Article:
Customer Data Security Part 4: Consumer Privacy and You! The Shared Responsibility Model
[Estimated read time: 6 minutes]
Cloud services have increasingly become a critical part of many organizations today — and cloud customer service is no exception. The ability to solve business problems without having to deal with the headaches of owning the technology is extremely compelling. Many companies are reaping the benefits of the cloud, cutting costs and focusing on their core business. However, there are a few things to think about when you purchase these services, especially when it comes to compliance and privacy issues.
Whom is responsible for what?
While the cloud may offer nearly turnkey software solutions, there is often confusion between the subscriber and the cloud provider about whom is responsible for what when it comes to keeping your sensitive data safe and meeting your compliance obligations. For example…
• Who is responsible for security?
• Who is able to see your data?
• How is the cloud provider fulfilling their part of compliance?
These might seem like simple questions, but once you get into the details, they become more complex. Let’s talk about the basic things you need to think about when engaging a cloud service provider or SaaS (Software as a Service) vendor.
What is shared responsibility?
First and foremost, there is the concept of “shared responsibility.” This essentially means that when you subscribe to a cloud software service, the vendor is responsible for some things and you are responsible for others. The key is defining where those lines of responsibility are drawn and ensuring that both parties clearly understand what is expected of them to remain in compliance and secure.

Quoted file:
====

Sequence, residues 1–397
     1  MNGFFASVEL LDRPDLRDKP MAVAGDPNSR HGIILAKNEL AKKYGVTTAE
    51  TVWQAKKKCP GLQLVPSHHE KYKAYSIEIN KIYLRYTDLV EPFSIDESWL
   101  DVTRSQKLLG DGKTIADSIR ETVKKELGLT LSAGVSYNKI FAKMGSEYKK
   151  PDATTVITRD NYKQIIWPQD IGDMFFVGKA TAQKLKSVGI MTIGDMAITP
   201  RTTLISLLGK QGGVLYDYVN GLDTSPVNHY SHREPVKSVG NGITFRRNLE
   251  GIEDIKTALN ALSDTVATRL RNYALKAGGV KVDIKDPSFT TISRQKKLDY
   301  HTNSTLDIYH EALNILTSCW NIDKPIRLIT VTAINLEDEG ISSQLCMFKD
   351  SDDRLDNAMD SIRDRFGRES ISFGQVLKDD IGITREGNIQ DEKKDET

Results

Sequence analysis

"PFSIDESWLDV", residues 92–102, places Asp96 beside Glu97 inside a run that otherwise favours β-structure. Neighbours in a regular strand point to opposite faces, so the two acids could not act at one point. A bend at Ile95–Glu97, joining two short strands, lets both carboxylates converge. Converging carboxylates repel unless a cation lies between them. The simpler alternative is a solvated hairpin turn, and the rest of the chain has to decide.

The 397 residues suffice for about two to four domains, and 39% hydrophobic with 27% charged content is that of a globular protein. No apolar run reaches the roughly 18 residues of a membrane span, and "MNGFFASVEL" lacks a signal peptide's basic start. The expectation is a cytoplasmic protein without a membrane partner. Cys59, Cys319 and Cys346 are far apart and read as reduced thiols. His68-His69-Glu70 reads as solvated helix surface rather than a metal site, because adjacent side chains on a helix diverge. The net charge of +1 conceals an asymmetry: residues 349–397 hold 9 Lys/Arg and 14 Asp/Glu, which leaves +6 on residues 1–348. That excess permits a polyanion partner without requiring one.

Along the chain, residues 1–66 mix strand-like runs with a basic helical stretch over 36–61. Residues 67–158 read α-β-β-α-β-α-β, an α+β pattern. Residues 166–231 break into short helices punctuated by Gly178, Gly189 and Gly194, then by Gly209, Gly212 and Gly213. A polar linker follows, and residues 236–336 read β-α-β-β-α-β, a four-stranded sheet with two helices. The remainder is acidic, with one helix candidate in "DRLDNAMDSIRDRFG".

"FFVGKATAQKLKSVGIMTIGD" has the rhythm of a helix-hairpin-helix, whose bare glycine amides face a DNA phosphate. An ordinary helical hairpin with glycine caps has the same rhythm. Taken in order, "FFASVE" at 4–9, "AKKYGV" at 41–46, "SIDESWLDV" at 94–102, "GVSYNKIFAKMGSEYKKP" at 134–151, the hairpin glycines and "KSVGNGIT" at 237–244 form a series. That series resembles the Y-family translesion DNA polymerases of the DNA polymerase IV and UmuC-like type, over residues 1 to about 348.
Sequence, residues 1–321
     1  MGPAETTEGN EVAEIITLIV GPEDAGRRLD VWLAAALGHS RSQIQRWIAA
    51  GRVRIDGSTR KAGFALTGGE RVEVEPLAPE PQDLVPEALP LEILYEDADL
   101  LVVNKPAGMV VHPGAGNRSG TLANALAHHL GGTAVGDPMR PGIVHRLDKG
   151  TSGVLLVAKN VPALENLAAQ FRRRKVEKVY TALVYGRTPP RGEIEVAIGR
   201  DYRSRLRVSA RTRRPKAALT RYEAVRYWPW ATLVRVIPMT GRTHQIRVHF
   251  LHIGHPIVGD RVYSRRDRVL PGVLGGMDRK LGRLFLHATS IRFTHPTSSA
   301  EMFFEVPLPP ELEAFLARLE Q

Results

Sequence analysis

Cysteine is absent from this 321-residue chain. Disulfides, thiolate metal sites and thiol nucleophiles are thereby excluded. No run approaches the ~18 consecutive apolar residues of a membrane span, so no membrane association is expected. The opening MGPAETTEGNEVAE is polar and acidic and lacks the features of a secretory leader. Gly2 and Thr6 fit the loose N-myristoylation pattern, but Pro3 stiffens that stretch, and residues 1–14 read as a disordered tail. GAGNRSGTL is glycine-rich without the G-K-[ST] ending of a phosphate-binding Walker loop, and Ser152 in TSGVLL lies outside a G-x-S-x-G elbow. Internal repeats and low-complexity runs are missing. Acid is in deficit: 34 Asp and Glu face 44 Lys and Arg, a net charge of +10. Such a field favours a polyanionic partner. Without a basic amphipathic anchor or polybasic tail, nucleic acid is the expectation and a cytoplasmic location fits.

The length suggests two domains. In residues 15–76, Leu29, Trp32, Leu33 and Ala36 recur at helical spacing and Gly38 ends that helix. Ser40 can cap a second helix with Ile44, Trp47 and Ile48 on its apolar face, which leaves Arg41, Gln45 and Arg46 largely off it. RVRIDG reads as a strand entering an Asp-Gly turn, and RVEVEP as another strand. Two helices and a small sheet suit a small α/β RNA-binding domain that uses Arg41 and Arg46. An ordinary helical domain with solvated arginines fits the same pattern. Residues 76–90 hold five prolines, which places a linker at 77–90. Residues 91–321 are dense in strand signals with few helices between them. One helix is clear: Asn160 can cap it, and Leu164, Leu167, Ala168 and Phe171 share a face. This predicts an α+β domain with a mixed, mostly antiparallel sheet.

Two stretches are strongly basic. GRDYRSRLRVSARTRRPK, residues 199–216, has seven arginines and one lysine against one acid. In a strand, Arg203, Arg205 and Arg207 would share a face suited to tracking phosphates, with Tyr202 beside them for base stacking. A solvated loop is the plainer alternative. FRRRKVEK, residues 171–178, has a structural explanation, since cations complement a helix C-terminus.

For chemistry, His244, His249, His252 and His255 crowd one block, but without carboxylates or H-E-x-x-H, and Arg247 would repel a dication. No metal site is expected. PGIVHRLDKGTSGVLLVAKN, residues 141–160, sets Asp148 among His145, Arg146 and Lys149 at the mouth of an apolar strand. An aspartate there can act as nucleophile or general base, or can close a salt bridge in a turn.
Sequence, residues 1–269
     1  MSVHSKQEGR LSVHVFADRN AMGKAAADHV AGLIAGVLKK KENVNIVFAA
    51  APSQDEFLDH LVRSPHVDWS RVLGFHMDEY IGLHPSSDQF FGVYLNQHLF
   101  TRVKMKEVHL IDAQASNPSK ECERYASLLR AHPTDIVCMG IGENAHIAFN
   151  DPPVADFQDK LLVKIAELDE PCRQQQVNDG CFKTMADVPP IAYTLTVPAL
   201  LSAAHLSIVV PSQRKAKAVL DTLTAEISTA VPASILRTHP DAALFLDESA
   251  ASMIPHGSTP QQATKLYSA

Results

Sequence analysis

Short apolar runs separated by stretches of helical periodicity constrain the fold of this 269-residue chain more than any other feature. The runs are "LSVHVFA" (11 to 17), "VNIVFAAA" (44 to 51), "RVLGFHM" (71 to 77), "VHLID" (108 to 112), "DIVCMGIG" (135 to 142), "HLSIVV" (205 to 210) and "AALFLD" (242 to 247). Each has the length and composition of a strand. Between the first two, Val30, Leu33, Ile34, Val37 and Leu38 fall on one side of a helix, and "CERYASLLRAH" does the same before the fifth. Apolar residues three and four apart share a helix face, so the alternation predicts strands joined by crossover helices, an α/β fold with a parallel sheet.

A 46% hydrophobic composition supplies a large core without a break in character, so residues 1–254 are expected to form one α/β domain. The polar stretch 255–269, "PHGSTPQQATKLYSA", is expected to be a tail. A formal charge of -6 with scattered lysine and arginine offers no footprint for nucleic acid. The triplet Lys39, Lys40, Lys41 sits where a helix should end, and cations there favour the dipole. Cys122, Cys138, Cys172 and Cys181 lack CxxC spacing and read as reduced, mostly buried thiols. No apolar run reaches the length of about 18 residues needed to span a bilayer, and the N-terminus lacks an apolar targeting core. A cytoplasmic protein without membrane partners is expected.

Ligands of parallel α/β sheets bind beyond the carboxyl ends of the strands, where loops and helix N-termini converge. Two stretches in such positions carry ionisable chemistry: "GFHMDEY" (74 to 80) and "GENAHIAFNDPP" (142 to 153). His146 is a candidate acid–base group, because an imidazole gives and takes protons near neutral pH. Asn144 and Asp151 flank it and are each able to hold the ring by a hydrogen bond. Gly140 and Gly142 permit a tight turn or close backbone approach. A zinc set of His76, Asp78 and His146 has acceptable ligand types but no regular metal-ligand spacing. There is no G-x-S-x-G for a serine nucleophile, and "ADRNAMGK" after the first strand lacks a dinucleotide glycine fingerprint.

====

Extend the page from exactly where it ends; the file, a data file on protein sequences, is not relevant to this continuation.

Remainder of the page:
As a real life example, think of owning a home vs. renting an apartment. Home owners reap the benefits of full control and ownership, but it comes with the costs of maintenance and protecting your asset. On the other hand, if you live in an apartment, you may not have complete control over the property, but your investment risk is lowered and maintenance is managed by the building owners. Cloud solutions are very similar in terms of these benefits and trade-offs.
• You own your possessions and the real estate
• You are responsible for maintenance
• It’s up to you to protect the house and everything in it
• You own your possessions but not the real estate
• The owners are responsible for maintenance
• Building management partly protects your possessions
How does shared responsibility work?
When it comes to shared responsibility between you and your cloud service provider, there are many elements that are similar to the analogy of owning vs. renting. For example, your cloud software or SaaS vendor will take care of the software and its supporting infrastructure, just like an apartment complex. They should also be doing the right things to properly secure the platform from a technical standpoint. On the other hand, you are still responsible for what you do with the system and how you use it.
This graphic represents a typical shared responsibility arrangement for a company and a SaaS vendor.
- The elements in orange show what you (the client) are generally responsible for: how you use this software, what you put in it, and who you allow to access the data.
- The elements in gray show what your cloud service provider is generally responsible for: the technology supporting the software you are using.
So, what exactly are you responsible for in this partnership? Let’s break it down by Who, What, When, Where and How.